Indeed, a sharp Federer came out smoking converting on his fifth break opportunity for an early 2-0 lead when he ran down a backhand from one side, steering Del Potro wide for a half volley before going full steam for an amazing running forehand cross which left the Argentine in disbelief.

A timid Del Potro struggled to get first serves in but finally got on the board for 1-3. Still, it was Federer who was more aggressive pinning the soon to be 21 year-old behind the baseline with precision hitting that also allowed him to finish points off at net where he had large success going 10 for 11 in the opening set.

“Yes, the beginning of the match I was so nervous, I can’t sleep last night. I don’t take a breakfast today. That’s part of the final, you know,” del Potro said.

“But Roger start very good. I start little down. I miss    I was bad with my serve, and that’s important weapon of my game. When I broke his serve for first time, I start to believe in my game. To change.”

Despite the slow start, Del Potro did exactly what he promised a day before after defeating Rafael Nadal by giving maximum effort every point. That kind of desire would be necessary if he was going to have a shot. In the sixth game, he fought off a break point then delivering a pair of aces to hold for 2-4. In the next game, he finally put pressure on Federer taking the first two points but the more experienced 28 year-0ld Swiss Maestro used a couple of big forehands to get out of the jam for 5-2.

It looked like Federer would finish off the set with a double break but again the feisty Del Potro saved three set points capturing the final five, holding with an ace to stay alive.

However, that didn’t deter Federer who still served it out with an ace out wide to take the set. History was on his side with the last 16 champions winning the first.

Things continued to look good for the reigning five-time champ who was handed the opening game of the second set due to four Del Potro miscues including two double faults.

Following a hold, Del Potro finally had his first looks at breaking Federer but the 15-time slam winner didn’t oblige dodging all three for 3-1. Somehow, he was still in comfortable position despite struggling on his serve like never before. For some reason, Federer missed a lot of first serves and was in the low 40’s yet hadn’t been broken, even throwing in double faults serving an uncharacteristic 11 to his younger foe’s six. Del Potro couldn’t make him pay but that eventually changed.

Del Potro nearly went down double break but held to hang around for 2-3. With his serve finally in gear, he began steadying from the baseline with his monster forehand and underrated backhand starting to turn the tide. Suddenly, he was getting looks at Roger’s serve but couldn’t cash in falling behind 3-5.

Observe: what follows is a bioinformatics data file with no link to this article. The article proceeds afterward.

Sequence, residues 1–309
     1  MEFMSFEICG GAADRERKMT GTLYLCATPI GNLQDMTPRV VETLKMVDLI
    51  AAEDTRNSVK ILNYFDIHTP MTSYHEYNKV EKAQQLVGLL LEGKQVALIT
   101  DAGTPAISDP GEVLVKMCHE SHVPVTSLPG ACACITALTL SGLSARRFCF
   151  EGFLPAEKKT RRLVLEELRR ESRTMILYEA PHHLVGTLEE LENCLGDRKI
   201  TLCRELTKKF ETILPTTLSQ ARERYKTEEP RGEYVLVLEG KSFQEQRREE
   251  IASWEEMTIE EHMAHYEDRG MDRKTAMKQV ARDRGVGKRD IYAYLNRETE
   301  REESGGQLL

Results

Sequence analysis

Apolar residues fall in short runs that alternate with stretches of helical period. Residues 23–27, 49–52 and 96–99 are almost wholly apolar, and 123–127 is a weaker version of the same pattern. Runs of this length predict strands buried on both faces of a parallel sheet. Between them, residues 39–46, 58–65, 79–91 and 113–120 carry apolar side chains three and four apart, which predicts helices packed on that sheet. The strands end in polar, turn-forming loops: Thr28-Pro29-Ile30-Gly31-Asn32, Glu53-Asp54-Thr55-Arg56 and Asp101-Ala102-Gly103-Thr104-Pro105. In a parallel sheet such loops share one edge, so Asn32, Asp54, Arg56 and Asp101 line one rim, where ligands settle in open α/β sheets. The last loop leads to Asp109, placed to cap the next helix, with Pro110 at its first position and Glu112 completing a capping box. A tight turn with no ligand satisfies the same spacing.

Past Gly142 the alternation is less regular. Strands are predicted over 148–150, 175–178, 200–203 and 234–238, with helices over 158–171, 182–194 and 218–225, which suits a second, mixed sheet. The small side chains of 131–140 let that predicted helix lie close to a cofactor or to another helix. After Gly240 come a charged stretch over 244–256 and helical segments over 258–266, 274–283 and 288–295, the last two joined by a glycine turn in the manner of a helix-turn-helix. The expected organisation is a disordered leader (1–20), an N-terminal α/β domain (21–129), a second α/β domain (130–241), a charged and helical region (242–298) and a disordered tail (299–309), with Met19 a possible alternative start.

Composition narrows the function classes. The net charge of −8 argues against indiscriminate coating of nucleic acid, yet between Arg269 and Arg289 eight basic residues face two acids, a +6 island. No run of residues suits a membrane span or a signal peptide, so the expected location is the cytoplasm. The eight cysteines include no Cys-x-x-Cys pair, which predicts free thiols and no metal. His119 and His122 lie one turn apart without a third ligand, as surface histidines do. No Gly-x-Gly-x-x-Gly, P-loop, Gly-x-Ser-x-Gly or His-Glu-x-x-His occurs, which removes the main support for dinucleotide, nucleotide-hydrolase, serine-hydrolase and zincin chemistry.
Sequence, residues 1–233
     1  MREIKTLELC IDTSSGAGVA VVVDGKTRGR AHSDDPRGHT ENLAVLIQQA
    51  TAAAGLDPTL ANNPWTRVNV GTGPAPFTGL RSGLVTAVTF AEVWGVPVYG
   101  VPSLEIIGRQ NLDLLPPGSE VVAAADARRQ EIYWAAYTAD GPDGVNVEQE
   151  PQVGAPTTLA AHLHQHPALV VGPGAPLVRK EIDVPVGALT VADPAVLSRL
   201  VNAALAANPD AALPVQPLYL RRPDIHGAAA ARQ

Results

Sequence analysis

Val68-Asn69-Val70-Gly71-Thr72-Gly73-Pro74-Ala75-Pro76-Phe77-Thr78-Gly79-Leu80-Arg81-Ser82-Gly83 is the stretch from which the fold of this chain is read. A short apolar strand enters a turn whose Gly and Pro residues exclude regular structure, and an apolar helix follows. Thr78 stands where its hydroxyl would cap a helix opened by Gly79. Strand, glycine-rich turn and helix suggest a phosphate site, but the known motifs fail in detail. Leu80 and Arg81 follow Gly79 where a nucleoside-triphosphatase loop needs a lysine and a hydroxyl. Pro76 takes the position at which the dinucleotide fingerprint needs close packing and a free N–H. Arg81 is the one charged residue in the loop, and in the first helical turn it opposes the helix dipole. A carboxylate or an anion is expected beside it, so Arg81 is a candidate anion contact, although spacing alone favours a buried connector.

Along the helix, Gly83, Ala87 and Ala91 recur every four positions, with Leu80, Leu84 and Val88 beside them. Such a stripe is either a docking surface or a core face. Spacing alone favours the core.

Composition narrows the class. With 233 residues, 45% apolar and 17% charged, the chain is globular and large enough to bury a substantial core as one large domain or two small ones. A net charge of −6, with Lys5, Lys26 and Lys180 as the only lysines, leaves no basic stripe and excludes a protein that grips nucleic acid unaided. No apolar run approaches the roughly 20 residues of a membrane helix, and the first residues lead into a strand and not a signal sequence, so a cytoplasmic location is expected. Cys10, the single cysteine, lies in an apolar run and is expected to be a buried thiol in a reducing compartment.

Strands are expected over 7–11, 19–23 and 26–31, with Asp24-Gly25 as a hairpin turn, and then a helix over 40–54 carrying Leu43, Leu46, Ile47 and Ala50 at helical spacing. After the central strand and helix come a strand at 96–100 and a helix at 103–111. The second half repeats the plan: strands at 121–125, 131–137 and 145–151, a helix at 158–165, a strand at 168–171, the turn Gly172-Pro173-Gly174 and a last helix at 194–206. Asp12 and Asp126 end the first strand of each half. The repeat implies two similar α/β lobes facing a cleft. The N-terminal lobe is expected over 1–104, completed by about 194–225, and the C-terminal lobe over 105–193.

Following a love hold, things looked pretty dicey when Federer easily took the first two points serving for the second set. That’s when a desperate Del Potro stepped it up winning the next four points with some great hustle and unbelievable shots to get back even five all.

It began with an innocent backhand lob which a running Federer couldn’t save this time looking like he might try another tweener like the one versus Novak Djokovic that setup match point yesterday. Instead, his desperating lob floated long helped by Del Potro.

After he took the next point, the turning point came when a gliding Del Potro ripped a forehand down the line which initially was ruled out. He challenged and replays showed that it just caught the edge upsetting a stunned Federer who pointed to the mark thinking, ‘No way.’

Suddenly with break point and the crowd on his side, Del Potro rode the momentum with another great forehand pass pumping his fist to capitalize.

The set would need a tiebreaker. Never before had Federer dropped one in four previous tries in the final. But this time, Del Potro was a little better using a Federer forehand mishit for the only mini-break he’d need to go up 4-3. He then backed it up with forehand and backhand winners giving him three set points.

After Federer saved the first two on his serve, an inside out forehand gave a pumped up Del Potro the set.

“I thought I had him under control for the first two sets. I should never have lost so many chances. It was just a pity. I think if I win the second set, I’m in a great position to come through. Unfortunately, I didn’t win that and that was it,” Federer accurately pointed out.

With it all even, Del Potro continued to grow in confidence going for his shots willing to trade from the baseline. His forehand continued to get to Federer who was still having serving issues. Finally, the Argentine moved ahead 4-3 in the third set thanks to a huge forehand drawing a Federer miss which was followed by an emphatic yell from the underdog.

But as usually is the case, Federer broke right back flustering Del Potro who looked pretty mad at himself. Yet he stayed strong producing a ridiculous 110 mph forehand winner for another break chance but Federer dug out for 5-4.

The unpredictable set concluded with Del Potro having a rough 10th game with an unlucky net cord giving Federer Love-30. Following taking the next point, he fell apart with back-to-back doubles donating the set to Federer who by that point was antsy due to the chair umpire allowing a late challenge by Del Potro the previous game.

In the set, Federer held a 13-4 edge in winners while converting two of four break points to Del Potro’s one for three. He also finished off five of seven at the net where he went 66 percent (31 of 47) overall.